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Final rule regarding recordkeeping is issued

Workers in New Jersey should know that the Occupational Safety and Health Administration has issued a final rule that clarifies employers' continuous obligation to create and maintain information regarding workplace illnesses and injuries. The rule includes only compliance or recordkeeping requirements for injuries or illnesses for which recording mandates are already in place.

According to the recently released rule, it is the duty of the employers to maintain accurate records, even if they fail to record the incident when they are initially supposed to do so. The recordkeeping is an ongoing obligation.

The amendments to the rule include modifications to the titles of sections and subparts as well as the text of provisions. They are a response to a legal case in which the United States Court of Appeals for the District of Columbia Circuit decided that OSHA had six months from the day of an alleged failure to record an illness or injury to issue a citation for the recordkeeping infraction. The decision rejected the assertion by OSHA that it had five-and-a-half years to issue a citation. The length of time included a five-year time frame during which the record of the injury should be maintained and an additional six months for statute of limitations.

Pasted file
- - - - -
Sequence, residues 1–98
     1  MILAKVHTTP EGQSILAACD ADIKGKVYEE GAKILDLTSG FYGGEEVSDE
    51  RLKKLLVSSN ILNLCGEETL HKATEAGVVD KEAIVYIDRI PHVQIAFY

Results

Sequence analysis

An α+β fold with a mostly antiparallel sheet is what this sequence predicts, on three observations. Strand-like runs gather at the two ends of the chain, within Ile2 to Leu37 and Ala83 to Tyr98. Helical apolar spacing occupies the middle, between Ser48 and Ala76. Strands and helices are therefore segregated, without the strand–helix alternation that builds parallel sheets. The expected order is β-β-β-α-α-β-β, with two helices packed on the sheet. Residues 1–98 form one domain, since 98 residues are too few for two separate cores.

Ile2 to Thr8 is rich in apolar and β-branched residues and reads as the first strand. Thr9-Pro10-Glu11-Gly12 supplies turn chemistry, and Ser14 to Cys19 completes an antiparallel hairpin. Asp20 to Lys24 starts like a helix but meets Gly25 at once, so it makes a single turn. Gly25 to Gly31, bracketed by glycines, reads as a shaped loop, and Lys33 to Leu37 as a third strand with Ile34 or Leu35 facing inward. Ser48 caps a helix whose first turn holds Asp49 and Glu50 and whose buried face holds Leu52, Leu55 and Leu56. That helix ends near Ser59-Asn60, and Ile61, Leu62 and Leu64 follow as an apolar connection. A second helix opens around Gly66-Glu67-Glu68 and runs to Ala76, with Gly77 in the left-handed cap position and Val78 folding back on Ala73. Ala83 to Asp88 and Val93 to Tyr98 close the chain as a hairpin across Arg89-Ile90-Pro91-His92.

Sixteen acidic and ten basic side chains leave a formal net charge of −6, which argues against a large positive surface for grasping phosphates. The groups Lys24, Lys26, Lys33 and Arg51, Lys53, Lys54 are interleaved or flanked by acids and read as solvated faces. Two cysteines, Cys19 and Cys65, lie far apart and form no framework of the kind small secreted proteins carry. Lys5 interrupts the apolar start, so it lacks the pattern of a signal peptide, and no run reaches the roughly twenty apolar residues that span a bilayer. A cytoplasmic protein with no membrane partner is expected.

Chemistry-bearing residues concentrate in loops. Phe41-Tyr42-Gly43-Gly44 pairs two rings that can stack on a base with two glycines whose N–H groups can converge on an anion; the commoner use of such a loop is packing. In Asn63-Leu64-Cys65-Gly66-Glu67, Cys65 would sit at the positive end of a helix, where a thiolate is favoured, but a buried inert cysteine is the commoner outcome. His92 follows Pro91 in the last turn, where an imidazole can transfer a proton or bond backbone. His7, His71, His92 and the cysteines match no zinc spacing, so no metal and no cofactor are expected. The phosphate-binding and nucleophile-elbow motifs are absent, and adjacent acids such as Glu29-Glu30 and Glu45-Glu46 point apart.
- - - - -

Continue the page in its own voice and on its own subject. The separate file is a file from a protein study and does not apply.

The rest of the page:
In its ruling, OSHA agreed that the ongoing nature of employer recordkeeping obligations was not explicit. In a press release, a representative of the organization stated that accurate records could serve as life-saving measures.

An employee who suffers an injury while performing his or her job duties may be entitled to workers' compensation. An attorney who practices personal injury law may offer advice regarding other actions that could be taken to address any unsafe working conditions or behavior on the part of the employer that contributed to the workplace injury.

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